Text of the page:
MNTRC Newsletter Vol 20, Issue 1: Spring 2013

AREMA holds seminar on practical railway engineering


Hualiang “Harry” Teng, PhD, Associate Professor, Howard R. Hughes College of Engineering

AREMA seminar attendees.

From left, Edward Neumann (professor at UNLV), Kondala Rao Mantri (UNLV alumnus), and John Green (UNLV alumnus, now with CH2M Hill) attended the AREMA conference.

UNLV News – For the second year, UNLV was happy to host the American Railway Engineering and Maintenance-of-way Association (AREMA) on March 13-15 for its seminar, “Introduction to Practical Railway Engineering,” in the Stan Fulton Building. In total, 29 students attended the seminar, which also attracted professionals from several states across the US.

Senior professionals who wanted to come back to the railway area also attended. For example, Edward Neumann, PhD, a senior professor in transportation engineering at UNLV, taught railway engineering many years ago at West Virginia University. He has an interest in railway- related projects and wanted to refresh his knowledge in railway engineering.

Ms. Julie Longo, a technical writer in the College of Engineering, worked for New Jersey Transit some time ago. Although she has a busy schedule, Ms. Longo attended the first several sections of the seminar. She plans to attend the remaining sessions if the seminar returns to Las Vegas next year.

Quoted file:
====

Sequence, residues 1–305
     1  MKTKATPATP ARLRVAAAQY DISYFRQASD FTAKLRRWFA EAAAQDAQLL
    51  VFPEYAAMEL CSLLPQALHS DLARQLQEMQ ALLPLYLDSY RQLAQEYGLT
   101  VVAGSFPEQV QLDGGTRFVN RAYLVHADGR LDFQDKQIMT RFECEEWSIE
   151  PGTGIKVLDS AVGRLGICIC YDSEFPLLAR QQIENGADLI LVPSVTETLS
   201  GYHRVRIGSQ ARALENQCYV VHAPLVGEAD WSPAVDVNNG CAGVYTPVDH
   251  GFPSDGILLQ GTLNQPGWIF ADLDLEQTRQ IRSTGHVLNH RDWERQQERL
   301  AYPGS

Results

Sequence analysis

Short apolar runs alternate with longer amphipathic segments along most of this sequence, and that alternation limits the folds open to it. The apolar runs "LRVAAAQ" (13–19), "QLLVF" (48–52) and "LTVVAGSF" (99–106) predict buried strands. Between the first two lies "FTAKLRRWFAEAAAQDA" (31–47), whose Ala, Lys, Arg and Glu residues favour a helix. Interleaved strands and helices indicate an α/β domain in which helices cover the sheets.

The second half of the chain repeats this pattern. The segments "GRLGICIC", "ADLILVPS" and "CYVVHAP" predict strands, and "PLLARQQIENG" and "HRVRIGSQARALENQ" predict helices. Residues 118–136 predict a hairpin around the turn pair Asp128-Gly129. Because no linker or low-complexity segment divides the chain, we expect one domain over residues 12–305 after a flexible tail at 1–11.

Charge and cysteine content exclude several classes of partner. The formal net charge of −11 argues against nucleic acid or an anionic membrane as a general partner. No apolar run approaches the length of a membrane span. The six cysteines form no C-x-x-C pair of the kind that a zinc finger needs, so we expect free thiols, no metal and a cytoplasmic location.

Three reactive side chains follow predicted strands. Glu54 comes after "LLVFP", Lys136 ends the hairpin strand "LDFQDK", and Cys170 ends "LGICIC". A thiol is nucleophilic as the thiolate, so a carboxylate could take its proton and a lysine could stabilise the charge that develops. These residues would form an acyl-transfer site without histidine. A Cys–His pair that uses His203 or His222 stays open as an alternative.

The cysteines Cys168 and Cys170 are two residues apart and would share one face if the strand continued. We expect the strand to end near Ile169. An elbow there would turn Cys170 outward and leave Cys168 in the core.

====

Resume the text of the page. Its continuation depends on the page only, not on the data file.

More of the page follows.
A letter from AREMA said, “The facilities at the Stan Fulton Building were the best we have ever had for the three-day railroading seminar.”


Rod Diridon discusses high-speed rail

Rod Diridon discusses high-speed rail.

Rod Diridon discusses the status of high-speed rail in California and globally.

Rod Diridon, Executive Director of the Mineta National Transit Research Consortium and the Mineta Transportation Institute, delivered a distinguished seminar for UNLV on March 21. “High Speed Rail, Internationally and in California” attracted more than 40 attendees from private and public agencies and the university in Las Vegas.

His opening remark about the transportation systems at the Las Vegas airport connected very well with the theme of economic development in Las Vegas. He said that he quickly found that there was a long line of taxis when he arrived at the airport. So he took a shuttle bus to the seminar location, which involved nearly a two-hour trip.  This is normally a 10-minute trip when there is no traffic.